There are 19 Tribunais Judiciais de Provincia (one per province, except Benguela that has two) each with different divisions called “salas” for civil and administrative, family, labour, maritime, children & minors and criminal matters that decide 1st level in cases above a certain monetary threshold or x years imprisonment. It also works as 2nd level for district court decisions. Appeals from the decisions of the Provincial Courts go directly to the Courts of Appeals.
· District Courts
There should be one Tribunal Judicial de Distrito for each of the nearly 130 Districts in Mozambique but many of them have not yet been created.
· Labour Courts (to be set-up)
These courts have been created by Law 18/92 of 14 October but have not yet been set up. The UTREL is currently working on a new law for the labour courts.
· Administrative Court
The Tribunal Administrativo (Administrative Court) was created in 1992 as the superior court in the hierarchy of the administrative, fiscal and customs courts (article 228 no. 1 of the Constitution).
The Court’s website contains a list of legislation relevant for the work of the administrative courts but it does not give access to any cases.
The Administrative Court oversees the constitutionality and legality of administrative decisions issued by the public administration, administrative contracts and it also enforces regulations.
· Customs Court
The Customs Court has been created by Law 10/2001 of 7 July and started operating the year after. Customs’ legislation can be found in the official website but not yet cases.
· Fiscal Court
This has not yet been created.
Introduced in the 1990 Constitution the Constitutional Council was only established in 2003 when it finally embraced the task of administering justice in legal-constitutional matters (article 241 of the Constitution) until then guaranteed by the Supreme Court.
According to article 245 of the Constitution the Constitutional Council has broad powers, one of the most relevant being judging the constitutionality of laws and legality of all other legislative acts and proposed referenda upon due request of:
The President can also request the Constitutional Council to evaluate the constitutionality of all legislation submitted for enactment before ratifying it. When legislation is considered unconstitutional the President has to veto and return the proposed legislation to the Parliament (article 246 of the Constitution).
The Constitutional Council also works as an appeals court in constitutional matters. All court decisions that refuse the application of norms due to its unconstitutionality must be sent to the Constitutional Council (article 247 of the Constitution).
Decisions from the Constitutional Council must be followed by all citizens and state bodies and are not subject to appeal (article 248 of the Constitution).
They are mandatorily published in the Official Gazette and have the following format:
(e.g. Acórdão do Conselho Constitutional n. 16/CC/04 de 14 de Janeiro de 2004)
Although only recognized in the 2004 Constitution (article 223 no. 2) these courts have been functioning in Mozambique since colonial times and have had its legal framework set by Law 4/92 of 6 May.
These courts are widespread across the country. They deal with minor civil disputes and small crimes. Cases above a certain financial threshold or that involve imprisonment for more than 30 days should be referred to the judicial courts.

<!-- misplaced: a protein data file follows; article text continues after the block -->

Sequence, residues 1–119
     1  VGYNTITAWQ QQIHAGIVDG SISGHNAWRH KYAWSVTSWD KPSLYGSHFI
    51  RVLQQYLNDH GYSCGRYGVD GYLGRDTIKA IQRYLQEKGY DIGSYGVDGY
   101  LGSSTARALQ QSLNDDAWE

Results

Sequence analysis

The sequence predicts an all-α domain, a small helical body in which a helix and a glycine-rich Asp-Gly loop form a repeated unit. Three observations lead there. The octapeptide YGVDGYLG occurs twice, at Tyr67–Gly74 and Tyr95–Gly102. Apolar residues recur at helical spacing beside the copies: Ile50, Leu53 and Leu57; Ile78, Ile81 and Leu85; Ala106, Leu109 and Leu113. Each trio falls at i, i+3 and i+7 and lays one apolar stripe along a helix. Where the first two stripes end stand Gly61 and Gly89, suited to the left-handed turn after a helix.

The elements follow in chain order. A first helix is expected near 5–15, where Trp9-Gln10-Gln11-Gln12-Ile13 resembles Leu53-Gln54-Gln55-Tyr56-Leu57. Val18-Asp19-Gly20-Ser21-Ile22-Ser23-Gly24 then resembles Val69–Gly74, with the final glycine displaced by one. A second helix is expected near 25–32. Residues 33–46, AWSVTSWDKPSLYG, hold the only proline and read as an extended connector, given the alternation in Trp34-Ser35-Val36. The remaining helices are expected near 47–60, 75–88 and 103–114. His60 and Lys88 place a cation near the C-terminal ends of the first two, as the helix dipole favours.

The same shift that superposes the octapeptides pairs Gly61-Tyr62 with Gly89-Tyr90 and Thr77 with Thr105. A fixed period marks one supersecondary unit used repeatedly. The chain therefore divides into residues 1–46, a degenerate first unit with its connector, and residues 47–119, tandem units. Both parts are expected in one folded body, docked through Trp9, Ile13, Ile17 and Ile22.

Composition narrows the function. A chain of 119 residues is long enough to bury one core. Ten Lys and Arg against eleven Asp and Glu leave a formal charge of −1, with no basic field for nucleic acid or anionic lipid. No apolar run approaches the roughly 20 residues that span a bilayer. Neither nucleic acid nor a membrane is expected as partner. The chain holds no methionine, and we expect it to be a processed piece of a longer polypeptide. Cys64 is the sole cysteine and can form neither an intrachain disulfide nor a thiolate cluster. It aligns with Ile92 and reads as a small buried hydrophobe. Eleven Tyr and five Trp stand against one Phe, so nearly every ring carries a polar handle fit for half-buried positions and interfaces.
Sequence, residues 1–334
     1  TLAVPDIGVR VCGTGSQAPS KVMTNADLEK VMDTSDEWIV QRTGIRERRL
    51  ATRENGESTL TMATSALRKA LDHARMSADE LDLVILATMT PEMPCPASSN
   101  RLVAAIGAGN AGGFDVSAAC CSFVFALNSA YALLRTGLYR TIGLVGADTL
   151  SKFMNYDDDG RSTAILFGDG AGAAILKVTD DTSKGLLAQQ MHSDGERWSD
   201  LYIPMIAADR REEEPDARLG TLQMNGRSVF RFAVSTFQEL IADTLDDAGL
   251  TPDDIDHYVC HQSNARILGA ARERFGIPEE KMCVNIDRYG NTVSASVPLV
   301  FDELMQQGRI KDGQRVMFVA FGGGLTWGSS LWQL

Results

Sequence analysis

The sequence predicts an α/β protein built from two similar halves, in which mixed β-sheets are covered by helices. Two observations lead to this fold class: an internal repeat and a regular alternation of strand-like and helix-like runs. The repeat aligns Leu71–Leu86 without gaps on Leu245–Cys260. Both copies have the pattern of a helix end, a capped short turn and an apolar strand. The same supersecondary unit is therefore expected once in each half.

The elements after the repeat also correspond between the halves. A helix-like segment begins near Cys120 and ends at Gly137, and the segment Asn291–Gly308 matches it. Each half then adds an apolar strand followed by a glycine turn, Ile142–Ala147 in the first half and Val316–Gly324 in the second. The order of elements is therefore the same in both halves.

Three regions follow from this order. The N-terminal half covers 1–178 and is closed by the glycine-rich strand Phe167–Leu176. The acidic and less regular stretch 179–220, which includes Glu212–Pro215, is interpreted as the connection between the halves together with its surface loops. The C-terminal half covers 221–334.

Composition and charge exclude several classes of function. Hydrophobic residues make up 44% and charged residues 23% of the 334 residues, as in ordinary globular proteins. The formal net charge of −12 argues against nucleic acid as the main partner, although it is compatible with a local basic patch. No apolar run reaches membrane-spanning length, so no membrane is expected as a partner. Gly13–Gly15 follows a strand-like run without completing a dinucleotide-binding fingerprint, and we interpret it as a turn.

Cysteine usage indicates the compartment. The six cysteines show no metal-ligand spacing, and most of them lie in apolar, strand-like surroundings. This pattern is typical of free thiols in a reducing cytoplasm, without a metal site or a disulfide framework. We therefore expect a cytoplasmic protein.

These courts try conciliation/mediation as first approach and when agreement is not reached a decision is made in light of the principles of equity, good sense and justice.
UTREL is revising community courts law in order to adequate it to modern justice requirements, namely linking the community courts with the judicial courts through an appeals system.
During colonial times Mozambique was under Portuguese Law, although the traditional customary law was in many cases tolerated or tacitly accepted.
When independence arrived, Mozambique obviously rushed to repeal the old colonial system and its laws and rulings. However, the Portuguese legal tradition ended up being revived when the country started settling in the early 1990’s.
Mozambique’s legal system can be considered civil law based (at least the formal legal system) and legislation is the primary source of law. Courts base their judgements on legislation and there is no binding precedent as understood in common law systems.
Nonetheless, the 2004 Constitution recognizes the existence of legal pluralism, i.e. there are other normative systems that intertwine with the formal civil law based system.
As to secondary sources, books are in reduced number (both in English and Portuguese) but there is a considerably large number of journal articles, studies and papers (mostly in English), which can be found online albeit scattered through dozens of websites. Most of the books and articles to be found would more likely be classified under African studies, anthropology, history, human rights, political sciences, sociology, war studies or a mix rather than strictly under “Law”.
Legislative initiative (article 183 of the Constitution) shall belong to the:
· Members of Parliament;
· Parliamentary Benches;
· Parliamentary Committees;
· President of the Republic; or
· Members of the Government.
Bills proposed by the Parliament are called projecto de lei and bills proposed by the Executive are know as proposta de lei.